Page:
Five Favorite Films with Kevin Smith

We get the films that influenced the foul-mouthed filmmaker.

Kevin Smith

Coming off his most accessible comedy (Jersey Girl) and his most vulgar (Clerks 2), writer-director Kevin Smith concocts a mixture of the two styles for his latest, Zack and Miri Make a Porno, opening this Friday. In a film by turns thoughtful and juvenile, Seth Rogen and Elizabeth Banks star as two roommates who embark on a porno shoot to pay off debts, while slowly realizing the possibility they could be more than just friends, roommates, and on-screen amateurs.

RT spoke to Smith for his five favorite films ever, and followed up with an interview about the process of creating the Zack and Miri universe.




Jaws (1975, 100% Tomatometer)
JFKCome on, it's common sense. Jaws is a fantastic film. Maybe the second film I saw in my life -- I saw The Gumball Rally prior to Jaws -- but Jaws is the first one that made a deep, deep impression. I saw it a drive-in with my parents when I was five, which is kinda weird in retrospective. It was PG at the time.

My kid's nine and my wife still won't let me show her Jaws. I made the mistake of showing my kid Gremlins when she was six and I have heard no end of it from my old lady. She's all, "She's still afraid of Gremlins." Gremlins is a harmless f--king movie.

JFK (1991, 84% Tomatometer)
JFK Brilliant writing. Brilliant performances. Fantastic editing. That is the most well-edited film I have ever seen in my life. I like a lot of Oliver Stone stuff in general.

A Man for All Seasons (1966, 85% Tomatometer)
A Man for All Seasons A Man For All Seasons is basically porn for people who love dialogue. Paul Scofield's brilliant performance. Robert Shaw's equally brilliant performance as Henry the VII. It's always appealed to me. I was 13 years old the first time I saw it. Absolutely fell in love with it because it's wall-to-wall language with compelling performances. And [it's] about something to me, in terms that I was raised Catholic. So Thomas Moore's decision to not sign the oath of succession appealed to me as I was growing up because this is a dude who's martyred for his beliefs and whatnot.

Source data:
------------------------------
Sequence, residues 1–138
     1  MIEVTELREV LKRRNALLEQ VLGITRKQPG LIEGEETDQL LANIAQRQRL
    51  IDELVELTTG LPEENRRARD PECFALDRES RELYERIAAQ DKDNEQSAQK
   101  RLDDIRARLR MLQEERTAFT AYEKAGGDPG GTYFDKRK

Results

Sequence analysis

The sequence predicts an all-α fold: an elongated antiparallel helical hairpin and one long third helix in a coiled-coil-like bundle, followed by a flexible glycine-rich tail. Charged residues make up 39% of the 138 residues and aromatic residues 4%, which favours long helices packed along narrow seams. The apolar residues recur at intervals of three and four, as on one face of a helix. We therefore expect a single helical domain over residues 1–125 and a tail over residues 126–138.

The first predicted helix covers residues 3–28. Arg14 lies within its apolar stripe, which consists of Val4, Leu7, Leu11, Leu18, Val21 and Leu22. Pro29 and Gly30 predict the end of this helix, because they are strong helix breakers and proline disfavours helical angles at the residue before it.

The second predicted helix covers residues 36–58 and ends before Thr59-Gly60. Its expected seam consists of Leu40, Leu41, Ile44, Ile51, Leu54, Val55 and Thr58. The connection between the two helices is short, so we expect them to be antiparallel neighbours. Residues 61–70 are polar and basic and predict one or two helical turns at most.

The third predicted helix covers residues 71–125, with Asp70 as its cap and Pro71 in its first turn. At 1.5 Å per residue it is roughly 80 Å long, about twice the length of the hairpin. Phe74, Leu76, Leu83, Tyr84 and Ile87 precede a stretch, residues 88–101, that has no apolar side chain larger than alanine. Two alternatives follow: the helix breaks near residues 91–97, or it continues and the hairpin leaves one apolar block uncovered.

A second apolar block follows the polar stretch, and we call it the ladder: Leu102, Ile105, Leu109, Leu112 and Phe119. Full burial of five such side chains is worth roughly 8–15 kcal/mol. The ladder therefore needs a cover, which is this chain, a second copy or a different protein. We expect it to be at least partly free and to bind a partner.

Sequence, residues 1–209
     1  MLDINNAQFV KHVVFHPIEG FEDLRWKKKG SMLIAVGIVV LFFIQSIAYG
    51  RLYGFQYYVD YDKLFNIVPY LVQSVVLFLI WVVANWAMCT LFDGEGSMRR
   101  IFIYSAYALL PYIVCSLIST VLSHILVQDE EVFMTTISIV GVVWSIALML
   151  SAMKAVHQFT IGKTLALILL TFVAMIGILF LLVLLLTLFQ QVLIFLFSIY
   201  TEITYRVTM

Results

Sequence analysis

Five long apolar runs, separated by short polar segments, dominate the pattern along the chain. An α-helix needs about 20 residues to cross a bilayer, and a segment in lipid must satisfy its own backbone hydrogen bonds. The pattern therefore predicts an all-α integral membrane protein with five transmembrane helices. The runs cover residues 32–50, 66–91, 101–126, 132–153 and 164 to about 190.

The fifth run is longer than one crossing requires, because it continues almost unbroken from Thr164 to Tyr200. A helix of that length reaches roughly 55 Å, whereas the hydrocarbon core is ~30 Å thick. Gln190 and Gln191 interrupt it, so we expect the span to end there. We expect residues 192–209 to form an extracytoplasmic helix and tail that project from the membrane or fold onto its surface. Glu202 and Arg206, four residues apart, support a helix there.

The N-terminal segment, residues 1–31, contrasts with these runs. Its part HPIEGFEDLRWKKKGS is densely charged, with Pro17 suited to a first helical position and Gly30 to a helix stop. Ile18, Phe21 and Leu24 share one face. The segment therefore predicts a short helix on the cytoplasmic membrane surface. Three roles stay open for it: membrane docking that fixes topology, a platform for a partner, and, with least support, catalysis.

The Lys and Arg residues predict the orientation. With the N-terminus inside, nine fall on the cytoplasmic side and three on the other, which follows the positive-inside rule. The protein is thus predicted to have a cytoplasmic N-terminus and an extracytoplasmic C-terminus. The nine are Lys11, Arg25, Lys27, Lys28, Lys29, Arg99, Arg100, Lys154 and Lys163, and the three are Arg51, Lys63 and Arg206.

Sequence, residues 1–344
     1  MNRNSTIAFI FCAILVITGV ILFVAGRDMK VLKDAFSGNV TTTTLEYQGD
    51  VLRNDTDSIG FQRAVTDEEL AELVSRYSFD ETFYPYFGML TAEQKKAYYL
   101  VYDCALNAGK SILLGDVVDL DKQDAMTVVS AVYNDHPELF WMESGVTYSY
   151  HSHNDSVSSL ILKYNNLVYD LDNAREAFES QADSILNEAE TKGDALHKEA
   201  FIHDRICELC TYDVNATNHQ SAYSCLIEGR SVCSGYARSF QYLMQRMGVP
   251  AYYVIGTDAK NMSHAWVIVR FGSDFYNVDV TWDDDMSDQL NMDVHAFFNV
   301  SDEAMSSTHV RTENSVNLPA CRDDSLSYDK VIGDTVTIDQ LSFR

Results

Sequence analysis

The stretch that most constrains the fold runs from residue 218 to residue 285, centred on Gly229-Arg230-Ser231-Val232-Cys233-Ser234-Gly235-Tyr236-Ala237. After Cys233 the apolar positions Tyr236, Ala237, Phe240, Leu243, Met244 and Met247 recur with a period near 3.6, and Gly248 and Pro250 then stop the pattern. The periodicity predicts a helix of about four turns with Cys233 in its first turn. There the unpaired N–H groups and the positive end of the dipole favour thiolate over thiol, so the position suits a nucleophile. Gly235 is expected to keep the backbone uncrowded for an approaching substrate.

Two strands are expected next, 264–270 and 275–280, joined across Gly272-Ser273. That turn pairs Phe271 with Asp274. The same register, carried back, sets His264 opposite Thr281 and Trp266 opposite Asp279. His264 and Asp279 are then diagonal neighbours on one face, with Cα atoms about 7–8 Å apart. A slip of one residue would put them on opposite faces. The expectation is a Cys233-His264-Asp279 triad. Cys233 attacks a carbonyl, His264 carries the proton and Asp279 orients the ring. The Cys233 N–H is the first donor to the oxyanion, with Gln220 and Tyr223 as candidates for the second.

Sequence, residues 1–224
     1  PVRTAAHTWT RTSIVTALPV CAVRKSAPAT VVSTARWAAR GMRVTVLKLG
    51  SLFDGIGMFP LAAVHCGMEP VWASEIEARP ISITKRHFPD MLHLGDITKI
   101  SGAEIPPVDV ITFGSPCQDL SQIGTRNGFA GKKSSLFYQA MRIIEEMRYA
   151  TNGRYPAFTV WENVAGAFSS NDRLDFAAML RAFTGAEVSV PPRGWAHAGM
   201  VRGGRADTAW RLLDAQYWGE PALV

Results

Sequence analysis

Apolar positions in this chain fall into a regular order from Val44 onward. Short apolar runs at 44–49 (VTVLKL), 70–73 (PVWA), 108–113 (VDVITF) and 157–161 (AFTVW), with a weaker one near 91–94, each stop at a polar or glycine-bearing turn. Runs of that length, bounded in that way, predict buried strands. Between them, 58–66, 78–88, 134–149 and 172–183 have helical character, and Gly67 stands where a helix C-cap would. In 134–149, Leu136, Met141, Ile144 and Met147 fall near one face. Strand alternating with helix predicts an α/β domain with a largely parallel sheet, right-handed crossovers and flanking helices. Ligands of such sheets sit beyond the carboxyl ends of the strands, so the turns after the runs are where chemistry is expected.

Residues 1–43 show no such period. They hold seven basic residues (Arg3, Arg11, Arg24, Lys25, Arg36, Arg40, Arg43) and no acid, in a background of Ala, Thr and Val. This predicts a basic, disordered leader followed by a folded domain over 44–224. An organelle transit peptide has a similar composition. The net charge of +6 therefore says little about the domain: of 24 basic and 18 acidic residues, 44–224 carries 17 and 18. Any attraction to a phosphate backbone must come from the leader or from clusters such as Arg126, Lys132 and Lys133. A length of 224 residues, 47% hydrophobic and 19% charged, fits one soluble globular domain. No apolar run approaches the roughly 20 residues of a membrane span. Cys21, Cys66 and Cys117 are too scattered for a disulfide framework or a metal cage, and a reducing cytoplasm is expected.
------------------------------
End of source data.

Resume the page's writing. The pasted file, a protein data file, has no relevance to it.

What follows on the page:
And people will always compare that movie to The Crucible for some reason. But I never felt the same connection to The Crucible because in that instance John Procter is just going to great lengths to try to keep his name. Whereas Thomas Moore went to great lengths to keep, what he felt was his soul, intact. By taking that oath it would've been selling out on his soul, it would've been lying. He couldn't do it and I always found that insanely admirable and the life one wants to emulate to some degree, without being crazy Catholic at the same time.

Do the Right Thing (1989, 100% Tomatometer)
Do the Right Thing Spike Lee's finest movie. One of the movies that made me want to get into the movies as well. I knew I was never going to make Do the Right Thing, to do what he did with cinema and tell a story comedically but also dramatically. Very intense. That movie goes from a fun comedy -- I don't know if you can say fun comedy, but it's a funny comedy -- to a dramatic shift in tone. It's a slow burn. You don't notice it when it happens. It comes out of left field but it's keeping in what has come before. You realize how masterfully it's put together.

That movie informed Clerks to a large degree: it takes place all in one day, in one particular block, in one very specific city. So that was the model I used for Clerks. So much so that the original version of Clerks Dante gets killed because I was like, "I want to do something like that." Then I realized I'm not Spike Lee.

The Last Temptation of Christ (1988, 81% Tomatometer)
The Last Temptation of Christ I was raised Catholic and I still consider myself a fairly spiritual person even though I have a hard time identifying with most Christians in this country. But I still maintain a belief in God and in Jesus, and that gets tried on a daily basis. The older I get, the wiser I get, the tougher it is to believe in a divine power or whatnot. So that movie appeals to me on that level alone.

To take it beyond, it's just a fantastic Martin Scorsese picture. Great performances in it. The first portrayal of Christ where I was, "Wow, this might be what it was like." He wasn't a guy of all beatitude and perfection. He was a man, first and foremost, who just happened to be the son of God.

Our interview with Kevin Smith continues as we discuss the MPAA, the process of movie appeals, and making comedies during a Judd Apatow era.

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